According to author Robert Poole, images of the Earth from the outside shifted the world’s view “from landscape to planet,” a fine ethical consequence during the Cold War era. Today, with economic globalization ruling all, our task is to return from planet to landscape, to rediscover the immersive, sensory experience of terrain. Traditional cultures defined themselves around the intimate commingling of people and place. For millennia, the Aboriginal peoples of Australia have passed along their intimate knowledge of place through storytelling whose characters are “songlines,” physical features in the land. The Aranda consider themselves and their entire ancestry inseparable from the terrain—their genealogy and geography are one and the same. “You see this rock?” goes an Aboriginal Dreamtime song. “This rock’s me!”
Clarke worried about nationalism’s extreme allegiance to political entities and imagined communities, but now we need a different kind of patriotism, one born from allegiance to natural environments and experienced communities. Patriotism, writes the geographer Yi-Fu Tuan, means “the love of one’s terra patria or natal land. In ancient times it was a strictly local sentiment.” In modern times, particularly in the culture of “America first,” few of us feel any kind of kinship to a natal land, only to a national interest. Patriotism now suggests attachment to large-scale nation-states, an unnatural condition too abstract to embrace easily, as Tuan explains. “The modern state is too large, its boundaries too arbitrary, its area too heterogeneous to command the kind of affection that arises out of experience and intimate knowledge.” While the sight of the entire Earth brought about a new perspective and helped expand humanity’s attention beyond national boundaries, today we’d benefit from telescoping inward and collapsing our point of view to what the eye actually witnesses and the body directly senses. Loyalty to the land can celebrate the diversity of cultures, the individuality of place, and the singularity of setting.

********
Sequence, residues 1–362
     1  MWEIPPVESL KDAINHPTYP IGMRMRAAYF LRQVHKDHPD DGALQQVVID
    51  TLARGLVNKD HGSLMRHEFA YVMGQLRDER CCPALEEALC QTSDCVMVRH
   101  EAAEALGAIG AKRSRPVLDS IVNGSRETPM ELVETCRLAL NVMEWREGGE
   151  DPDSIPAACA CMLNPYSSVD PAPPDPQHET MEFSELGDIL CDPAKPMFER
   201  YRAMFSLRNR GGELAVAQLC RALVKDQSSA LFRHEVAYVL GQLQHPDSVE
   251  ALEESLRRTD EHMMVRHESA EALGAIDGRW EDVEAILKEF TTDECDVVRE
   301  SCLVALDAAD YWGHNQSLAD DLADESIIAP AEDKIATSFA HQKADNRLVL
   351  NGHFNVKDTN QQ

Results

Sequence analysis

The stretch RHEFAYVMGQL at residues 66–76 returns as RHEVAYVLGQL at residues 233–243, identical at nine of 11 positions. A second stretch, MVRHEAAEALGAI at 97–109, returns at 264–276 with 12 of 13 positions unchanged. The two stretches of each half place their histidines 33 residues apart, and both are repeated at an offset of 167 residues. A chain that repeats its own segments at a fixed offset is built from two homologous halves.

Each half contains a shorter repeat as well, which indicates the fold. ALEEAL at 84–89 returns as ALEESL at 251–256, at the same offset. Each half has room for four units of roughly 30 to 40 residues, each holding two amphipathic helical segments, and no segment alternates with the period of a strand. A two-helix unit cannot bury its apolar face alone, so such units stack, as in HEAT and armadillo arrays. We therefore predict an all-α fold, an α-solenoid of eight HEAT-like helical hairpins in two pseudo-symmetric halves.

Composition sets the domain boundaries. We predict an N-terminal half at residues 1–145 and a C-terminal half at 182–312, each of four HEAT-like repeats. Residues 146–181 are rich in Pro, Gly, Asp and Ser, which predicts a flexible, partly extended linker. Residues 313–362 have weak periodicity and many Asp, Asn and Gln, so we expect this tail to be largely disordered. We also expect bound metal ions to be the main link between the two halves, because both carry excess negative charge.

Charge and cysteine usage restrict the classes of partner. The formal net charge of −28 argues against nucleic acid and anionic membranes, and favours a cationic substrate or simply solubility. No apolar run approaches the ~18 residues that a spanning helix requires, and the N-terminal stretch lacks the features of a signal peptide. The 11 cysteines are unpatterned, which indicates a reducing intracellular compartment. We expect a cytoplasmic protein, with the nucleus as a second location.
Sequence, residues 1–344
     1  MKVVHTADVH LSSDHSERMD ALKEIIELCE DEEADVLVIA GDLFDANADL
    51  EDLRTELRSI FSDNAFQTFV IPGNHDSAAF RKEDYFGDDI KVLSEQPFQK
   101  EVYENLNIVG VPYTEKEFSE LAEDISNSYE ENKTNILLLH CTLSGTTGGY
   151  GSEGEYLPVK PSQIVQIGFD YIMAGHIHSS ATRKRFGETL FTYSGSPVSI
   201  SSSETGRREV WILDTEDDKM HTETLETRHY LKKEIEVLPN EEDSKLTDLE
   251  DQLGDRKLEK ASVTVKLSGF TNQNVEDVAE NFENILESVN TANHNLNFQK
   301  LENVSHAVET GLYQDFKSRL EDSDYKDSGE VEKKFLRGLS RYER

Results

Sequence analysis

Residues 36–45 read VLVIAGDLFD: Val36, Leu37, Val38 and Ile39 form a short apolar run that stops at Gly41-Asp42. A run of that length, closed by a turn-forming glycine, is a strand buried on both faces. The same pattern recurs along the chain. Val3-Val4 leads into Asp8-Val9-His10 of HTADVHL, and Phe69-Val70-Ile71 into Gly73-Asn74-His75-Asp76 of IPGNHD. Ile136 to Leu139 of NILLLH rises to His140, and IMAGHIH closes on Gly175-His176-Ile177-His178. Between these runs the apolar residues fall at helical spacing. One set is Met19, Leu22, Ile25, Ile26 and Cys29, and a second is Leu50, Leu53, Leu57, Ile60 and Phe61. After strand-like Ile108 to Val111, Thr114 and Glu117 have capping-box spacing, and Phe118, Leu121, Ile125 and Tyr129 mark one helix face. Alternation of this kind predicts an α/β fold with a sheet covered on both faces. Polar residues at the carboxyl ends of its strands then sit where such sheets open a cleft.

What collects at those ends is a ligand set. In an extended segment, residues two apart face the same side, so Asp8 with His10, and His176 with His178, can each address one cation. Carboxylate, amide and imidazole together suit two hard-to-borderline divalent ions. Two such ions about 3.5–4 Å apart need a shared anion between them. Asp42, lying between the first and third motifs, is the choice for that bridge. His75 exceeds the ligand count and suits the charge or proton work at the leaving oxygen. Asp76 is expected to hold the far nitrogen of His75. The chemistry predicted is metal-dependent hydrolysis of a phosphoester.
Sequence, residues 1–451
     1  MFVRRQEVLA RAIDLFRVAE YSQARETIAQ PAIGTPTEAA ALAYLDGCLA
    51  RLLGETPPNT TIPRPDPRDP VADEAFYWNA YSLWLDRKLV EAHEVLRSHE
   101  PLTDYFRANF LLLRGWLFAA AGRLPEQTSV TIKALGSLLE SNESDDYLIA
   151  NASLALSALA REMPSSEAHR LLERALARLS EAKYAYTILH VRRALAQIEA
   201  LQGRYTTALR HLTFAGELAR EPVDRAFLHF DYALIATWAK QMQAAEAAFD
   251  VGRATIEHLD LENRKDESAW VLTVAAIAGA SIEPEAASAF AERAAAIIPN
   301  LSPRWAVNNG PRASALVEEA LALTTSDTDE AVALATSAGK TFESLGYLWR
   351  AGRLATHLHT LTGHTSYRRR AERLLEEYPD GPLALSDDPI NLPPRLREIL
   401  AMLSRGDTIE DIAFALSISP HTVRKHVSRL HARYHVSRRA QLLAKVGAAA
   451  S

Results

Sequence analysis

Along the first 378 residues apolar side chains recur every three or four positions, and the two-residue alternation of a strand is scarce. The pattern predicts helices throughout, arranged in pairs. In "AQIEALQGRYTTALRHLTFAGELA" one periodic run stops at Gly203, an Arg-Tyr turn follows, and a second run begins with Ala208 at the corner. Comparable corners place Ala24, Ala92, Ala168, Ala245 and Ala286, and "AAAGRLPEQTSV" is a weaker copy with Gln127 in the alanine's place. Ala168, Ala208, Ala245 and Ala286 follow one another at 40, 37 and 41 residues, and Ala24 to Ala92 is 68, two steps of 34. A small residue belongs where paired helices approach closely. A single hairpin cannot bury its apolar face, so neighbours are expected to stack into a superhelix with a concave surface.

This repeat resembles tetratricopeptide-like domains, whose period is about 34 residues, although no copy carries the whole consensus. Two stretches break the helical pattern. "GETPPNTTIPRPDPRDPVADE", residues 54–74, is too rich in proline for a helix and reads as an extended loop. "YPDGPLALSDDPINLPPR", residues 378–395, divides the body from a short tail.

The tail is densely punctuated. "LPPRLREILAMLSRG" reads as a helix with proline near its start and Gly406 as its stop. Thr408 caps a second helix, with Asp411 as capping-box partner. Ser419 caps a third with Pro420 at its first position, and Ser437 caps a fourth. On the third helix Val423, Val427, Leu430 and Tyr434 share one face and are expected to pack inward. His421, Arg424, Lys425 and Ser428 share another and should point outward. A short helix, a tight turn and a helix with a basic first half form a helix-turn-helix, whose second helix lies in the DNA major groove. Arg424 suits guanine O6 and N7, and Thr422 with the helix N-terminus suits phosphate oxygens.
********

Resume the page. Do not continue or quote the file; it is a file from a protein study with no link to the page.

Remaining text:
We are one Earth but many worlds.
Adapted from Lance Hosey, The Shape of Green: Aesthetics, Ecology, and Design (Island Press, 2012). The book was the first to study the relationships between sustainability and beauty, won a 2013 New York Book Show award, was a 2014 finalist for "Book of the Year" in the UK's Urban Design Awards, and has been Amazon's #1 bestseller for sustainable design. In 2017, BuildingGreen named the book among three dozen that "all designers should read." Currently Lance serves as Design Director with the global design leader Gensler. As of 2015, he was one of only thirty people in the world to be named Fellows with both the American Institute of Architects and the US Green Building Council.